Building an Equitable World
(Top Posts - Social/Legal - 121701)


In the past of human history, there has been a varying
degree of resource allocation issues, with the tendency
for resources to flow to the top, most often through
sheer force/coercion/violence and the threat of same,
and with the overwhelming majority supporting with
the sweat of labor (not with heart/desire/freedom) the
welfare of those at the top.

Now, in the modern age, with all the past failures, from
totalitarian communism to religious authoritarianism to
slavery to monopolistic-supporting democracies to ...

The challenge has been how do we, humankind, advance
to the best planet for the most people?

The current state of the modern world does not place us
in the maximized position of the most benefit for the most
people, in my view.

Of note, I agree with much of what is said in the following.
I disagree with some of what is said, especially what is
said towards the end regarding the impotence of the world
community to develop high-level solutions to raise the level
of human potential (looks more like a self-pardon than a
reasonable position, to me), but that does not discount
the difficulty in developing high-level solutions, nor does
it discount the high-minded intentions (many of which
you probably are in agreement with) in addressing the
difficult problems mentioned in the article ...

- - -

Building an Equitable World, by James D. Wolfenshohn,
President - The World Bank Group
Address to the Board of Governors
Prague, Czech Republic, September 26, 2000
http://www.worldbank.org/html/extdr/am00/jdwsp/jdwsp-en.htm

Excerpt:

"... We live in a world scarred by inequality.

Something is wrong when the richest 20 percent of the
global population receives more than 80 percent of the
global income.

Something is wrong when 10 percent of a population
receives half of the national income -- as happens in far
too many countries today.

Something is wrong when the average income for the
richest 20 countries is 37 times the average for the
poorest 20 -- a gap that has more than doubled in the
past 40 years.

Something is wrong when 1.2 billion people still live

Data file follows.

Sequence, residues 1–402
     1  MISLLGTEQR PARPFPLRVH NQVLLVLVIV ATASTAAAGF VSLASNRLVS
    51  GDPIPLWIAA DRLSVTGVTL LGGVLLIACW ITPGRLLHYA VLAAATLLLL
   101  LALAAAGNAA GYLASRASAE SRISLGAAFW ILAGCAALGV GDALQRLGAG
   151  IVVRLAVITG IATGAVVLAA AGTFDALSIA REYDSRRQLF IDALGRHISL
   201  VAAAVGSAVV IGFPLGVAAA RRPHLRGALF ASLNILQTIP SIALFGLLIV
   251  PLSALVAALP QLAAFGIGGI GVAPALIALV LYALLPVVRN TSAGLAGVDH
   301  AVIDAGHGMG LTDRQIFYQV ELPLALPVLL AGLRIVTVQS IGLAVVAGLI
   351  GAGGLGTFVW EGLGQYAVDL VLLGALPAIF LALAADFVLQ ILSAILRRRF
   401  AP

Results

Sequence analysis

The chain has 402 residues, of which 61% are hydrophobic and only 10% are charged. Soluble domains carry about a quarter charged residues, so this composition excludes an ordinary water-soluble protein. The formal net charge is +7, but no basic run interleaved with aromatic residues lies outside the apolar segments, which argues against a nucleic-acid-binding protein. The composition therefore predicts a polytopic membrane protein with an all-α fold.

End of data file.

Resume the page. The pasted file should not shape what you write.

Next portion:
under less than a dollar a day and 2.8 billion still live
on less than two dollars a day.

With all the forces making the world smaller, it is time
to change our way of thinking. Time to realize that we
live together in one world, not two: this poverty is in our
community, wherever we live. It is our responsibility.

It is time for political leaders to recognize that obligation.

And the stakes could not be higher. The conflicts that
have so plagued development are not simply accidents
of history.

Conflicts are much more likely in countries with severe
poverty and primary commodity dependence.

Violent crime is more likely in countries with high income
inequality. And what is true within a single society today
will be increasingly true of international conflict and terror
in this globalized world.

The fight against poverty is the fight for global peace and
security.

What Have We Learned About How To Fight Poverty?

In facing these challenges we must act together. And we
must draw on the lessons of experience. What have we
learned?

We have learned that poverty is about more than inadequate
income or even low human development; it is also about
lack of voice, lack of representation. It is about vulnerability
to abuse and to corruption. It is about violence against
women and fear of crime. It is about lack of self-esteem.

Poverty, as discussions with 60,000 poor people in 60
countries have taught us, is about lack of fundamental
freedom of action, choice, and opportunity.

We have learned that market-oriented reforms, if
combined with social and institutional development, can
deliver economic growth to the poor people. We have
learned that economic growth is the most powerful force
for sustained poverty reduction. Growth is central, but
it is not enough.

If we are serious about fighting inequity, we must also
help poor people build their assets, including education,
health, and land.

We must get infrastructure and knowledge to poor
areas — rural and urban alike.

We must confront deep-seated inequalities, bridging
gender, ethnic, social, and racial divides.

We must protect poor people from crop failures and
natural disasters, from crime and conflict, from sickness
and unemployment.

Development must be comprehensive.

It must embrace education and health, but it must also
embrace good governance, the fight against corruption,
legal and judicial reform, and financial sector reform.

Development must embrace infrastructure and
environmental protection as it must also embrace
sound economic policies.

All these elements depend on and reinforce each other.

We have learned -- and this is fundamental -- that
development cannot be imposed from above. There
is no universal blueprint for development. It must be
home-grown and home-owned.

Without a comprehensive approach that is developed
and adopted in each country, we will not achieve the
development that is vital for a peaceful, equitable world. ..."